For years, the Miami-Dade County State Attorney's Office has maintained the independent power to determine which juvenile offenders will be transferred or direct filed to adult circuit court for the disposition of their cases. Public Defender and Miami criminal defense lawyer, Carlos J. Martinez, is a strong opponent of the current state of law in Florida and Miami-Dade County regarding the direct filing of juveniles to adult court. In the 1990's, the threat of increased violent juvenile offenders caused Florida's Legislature to grant prosecutor's throughout the state unfettered discretion as to which juveniles should be treated as adults. The legislature passed experimental laws allowing the state prosecutors to direct-file juvenile defendants and removed the circuit judiciary from having any input into the decision making process as to when juveniles were to be treated as adults.
In Miami-Dade County, certain offenses committed by juveniles are direct filed to circuit courts. Generally, juveniles who serious violent crimes such as armed robbery, armed car jacking, home invasion robberies, murder and attempted murder charges are automatically direct filed by the state attorney's office. While each case is supposed to be reviewed based on the facts, the charge itself rather than the facts weighs the most heavily in the decision whether or not to direct file a juvenile case. Typically, marijuana possession, cocaine possession, car burglaries and grand theft are charges not routinely direct filed to adult court. Once juveniles are direct filed to adult court, they face the same penalties as adult offenders. However, experienced attorneys have the ability to argue to circuit court judges why juvenile and youthful offender sanctions are more appropriate sentences for these types of offenders.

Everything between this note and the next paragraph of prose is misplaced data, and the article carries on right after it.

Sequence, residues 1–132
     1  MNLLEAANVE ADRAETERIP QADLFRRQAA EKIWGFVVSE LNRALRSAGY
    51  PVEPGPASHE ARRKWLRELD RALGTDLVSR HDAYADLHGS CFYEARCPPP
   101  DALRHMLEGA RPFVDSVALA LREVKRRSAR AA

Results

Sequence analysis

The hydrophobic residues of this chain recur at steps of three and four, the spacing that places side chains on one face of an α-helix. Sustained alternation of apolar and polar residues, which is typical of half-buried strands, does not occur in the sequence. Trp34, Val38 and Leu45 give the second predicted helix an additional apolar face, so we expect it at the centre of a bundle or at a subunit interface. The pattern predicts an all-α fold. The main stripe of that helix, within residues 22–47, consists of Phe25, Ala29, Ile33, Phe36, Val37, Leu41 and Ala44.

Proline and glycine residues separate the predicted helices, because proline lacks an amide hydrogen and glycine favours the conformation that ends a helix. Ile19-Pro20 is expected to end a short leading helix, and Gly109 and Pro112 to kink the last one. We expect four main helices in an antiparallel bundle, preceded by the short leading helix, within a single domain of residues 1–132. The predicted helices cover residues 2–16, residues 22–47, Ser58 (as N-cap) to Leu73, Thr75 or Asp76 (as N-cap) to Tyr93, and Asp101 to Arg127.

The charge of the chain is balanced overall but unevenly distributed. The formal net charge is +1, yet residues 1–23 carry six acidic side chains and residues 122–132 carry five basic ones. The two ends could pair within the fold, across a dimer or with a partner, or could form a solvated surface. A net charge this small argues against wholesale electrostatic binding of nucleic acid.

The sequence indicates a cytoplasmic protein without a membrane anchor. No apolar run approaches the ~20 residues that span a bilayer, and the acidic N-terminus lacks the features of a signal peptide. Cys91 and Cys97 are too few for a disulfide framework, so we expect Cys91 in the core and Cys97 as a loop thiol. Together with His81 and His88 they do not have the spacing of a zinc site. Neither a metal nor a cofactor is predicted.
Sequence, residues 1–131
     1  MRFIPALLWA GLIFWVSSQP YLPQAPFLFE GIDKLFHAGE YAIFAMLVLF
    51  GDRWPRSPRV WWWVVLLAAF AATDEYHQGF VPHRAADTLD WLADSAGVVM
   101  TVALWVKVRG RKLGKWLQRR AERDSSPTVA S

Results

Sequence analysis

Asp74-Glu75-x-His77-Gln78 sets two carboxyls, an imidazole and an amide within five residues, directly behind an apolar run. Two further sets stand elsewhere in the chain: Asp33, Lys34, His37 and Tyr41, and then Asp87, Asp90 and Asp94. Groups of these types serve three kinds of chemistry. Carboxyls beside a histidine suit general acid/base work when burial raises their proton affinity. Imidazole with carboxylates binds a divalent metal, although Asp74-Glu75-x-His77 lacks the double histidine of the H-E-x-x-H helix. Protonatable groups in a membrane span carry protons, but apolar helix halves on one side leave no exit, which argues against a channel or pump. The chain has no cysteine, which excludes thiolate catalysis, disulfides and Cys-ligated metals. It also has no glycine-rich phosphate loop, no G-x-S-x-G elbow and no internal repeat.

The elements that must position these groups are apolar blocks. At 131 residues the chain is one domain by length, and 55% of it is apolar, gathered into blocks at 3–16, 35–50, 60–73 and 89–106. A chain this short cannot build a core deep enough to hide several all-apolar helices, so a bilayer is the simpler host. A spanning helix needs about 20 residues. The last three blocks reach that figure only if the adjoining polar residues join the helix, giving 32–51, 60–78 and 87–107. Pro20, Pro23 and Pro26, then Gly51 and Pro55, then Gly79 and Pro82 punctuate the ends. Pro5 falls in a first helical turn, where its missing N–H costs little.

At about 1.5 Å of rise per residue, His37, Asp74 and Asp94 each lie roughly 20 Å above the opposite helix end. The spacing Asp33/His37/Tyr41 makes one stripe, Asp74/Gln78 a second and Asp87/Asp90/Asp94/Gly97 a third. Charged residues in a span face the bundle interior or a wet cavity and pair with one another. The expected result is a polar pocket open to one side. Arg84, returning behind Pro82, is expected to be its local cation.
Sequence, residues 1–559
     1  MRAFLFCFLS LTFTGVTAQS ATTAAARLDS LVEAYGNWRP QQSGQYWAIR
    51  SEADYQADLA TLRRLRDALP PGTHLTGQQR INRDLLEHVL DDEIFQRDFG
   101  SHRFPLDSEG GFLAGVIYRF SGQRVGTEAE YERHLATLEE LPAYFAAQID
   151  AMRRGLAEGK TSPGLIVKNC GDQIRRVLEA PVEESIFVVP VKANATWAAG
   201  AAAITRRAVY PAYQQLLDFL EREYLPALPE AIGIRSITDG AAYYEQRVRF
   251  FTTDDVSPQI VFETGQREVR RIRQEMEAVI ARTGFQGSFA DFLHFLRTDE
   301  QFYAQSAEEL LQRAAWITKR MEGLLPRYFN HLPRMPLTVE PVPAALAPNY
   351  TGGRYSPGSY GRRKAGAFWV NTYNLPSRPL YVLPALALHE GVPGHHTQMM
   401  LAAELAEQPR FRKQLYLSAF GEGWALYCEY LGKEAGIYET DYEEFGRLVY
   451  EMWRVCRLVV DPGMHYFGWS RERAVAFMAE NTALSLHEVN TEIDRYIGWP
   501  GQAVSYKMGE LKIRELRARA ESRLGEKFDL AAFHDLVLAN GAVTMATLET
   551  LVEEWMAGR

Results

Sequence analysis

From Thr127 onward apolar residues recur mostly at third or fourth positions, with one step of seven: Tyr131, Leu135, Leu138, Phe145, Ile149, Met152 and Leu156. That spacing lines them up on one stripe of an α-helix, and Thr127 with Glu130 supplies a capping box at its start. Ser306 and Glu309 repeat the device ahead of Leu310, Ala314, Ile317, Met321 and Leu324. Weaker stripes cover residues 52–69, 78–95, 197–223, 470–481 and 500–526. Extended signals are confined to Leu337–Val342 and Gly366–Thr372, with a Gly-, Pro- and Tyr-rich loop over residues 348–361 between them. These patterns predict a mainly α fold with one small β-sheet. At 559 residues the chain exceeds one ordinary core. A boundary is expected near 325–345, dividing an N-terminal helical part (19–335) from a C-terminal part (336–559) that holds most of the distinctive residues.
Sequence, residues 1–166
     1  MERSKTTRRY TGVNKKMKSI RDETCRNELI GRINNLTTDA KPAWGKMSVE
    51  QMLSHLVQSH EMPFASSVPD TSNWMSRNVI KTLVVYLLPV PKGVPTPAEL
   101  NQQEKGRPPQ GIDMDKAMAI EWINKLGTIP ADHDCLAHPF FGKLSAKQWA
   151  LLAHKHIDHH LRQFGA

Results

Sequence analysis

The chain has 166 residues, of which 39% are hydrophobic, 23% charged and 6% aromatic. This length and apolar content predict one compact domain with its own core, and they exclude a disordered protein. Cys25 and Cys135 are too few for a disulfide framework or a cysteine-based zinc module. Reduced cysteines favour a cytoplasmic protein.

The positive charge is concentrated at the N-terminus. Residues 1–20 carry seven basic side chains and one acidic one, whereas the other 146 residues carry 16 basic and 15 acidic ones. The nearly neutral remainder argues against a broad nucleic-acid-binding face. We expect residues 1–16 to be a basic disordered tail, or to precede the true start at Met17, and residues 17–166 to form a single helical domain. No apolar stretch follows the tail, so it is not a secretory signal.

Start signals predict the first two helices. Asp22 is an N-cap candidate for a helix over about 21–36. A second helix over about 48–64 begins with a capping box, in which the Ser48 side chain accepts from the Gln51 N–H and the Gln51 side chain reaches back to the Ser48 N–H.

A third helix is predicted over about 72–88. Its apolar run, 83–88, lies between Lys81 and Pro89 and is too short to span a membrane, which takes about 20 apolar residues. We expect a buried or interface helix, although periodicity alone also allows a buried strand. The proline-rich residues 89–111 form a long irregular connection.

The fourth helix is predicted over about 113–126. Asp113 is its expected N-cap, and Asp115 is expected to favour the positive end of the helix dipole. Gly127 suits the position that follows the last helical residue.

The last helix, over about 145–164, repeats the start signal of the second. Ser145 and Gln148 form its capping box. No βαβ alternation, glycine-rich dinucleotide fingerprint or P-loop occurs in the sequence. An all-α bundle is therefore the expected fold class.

Prior to the change in the law in 1994, the court had unfettered discretion in determining which juvenile offenders would be direct filed to adult court. A full-blown hearing was held in juvenile court where state prosecutors would present their case to the judge as to why a direct file was appropriate. The juvenile, represented by a qualified lawyer would argue that juvenile sanctions were more appropriate. The judge would hold mini-trial where victims and witnesses would be permitted to testify in open court. After hearing the evidence, the court would consider the juveniles past history of delinquency and the seriousness of the evidence before entering a ruling. The court would also consider if the juvenile sanctions would be able to protect the general public and rehabilitate the juvenile offender. At present, the state attorneys solely determine what venue they think would be the most appropriate to dispose of the case.
Although the current state of law seems to provide little hope to juvenile offenders charged with serious violent crimes, experienced criminal attorneys will attempt to intervene in the direct filing process. If child is arrested for a serious violent crime, it is imperative to contact a lawyer immediately. Your criminal defense lawyer should contact the assistant state attorney in charge of the direct filing decision and set a meeting where mitigation can be presented in an effort to prevent the direct file from happening. The meeting must occur quickly, as most direct file decisions are made within twenty-one days of the arrest. The reason why it is so important to prevent a direct file at all costs is that the time and location of incarceration is drastically different for adults and juveniles. An adult charged with armed robbery in adult court is facing life in prison while a defendant juvenile court is facing between eighteen and twenty-four months in a juvenile facility. The adult facilities are geared toward punishment, while juvenile facilities are geared toward rehabilitation.
Get Rid of the Direct -File Law,, The Miami Herald, February 7, 2010.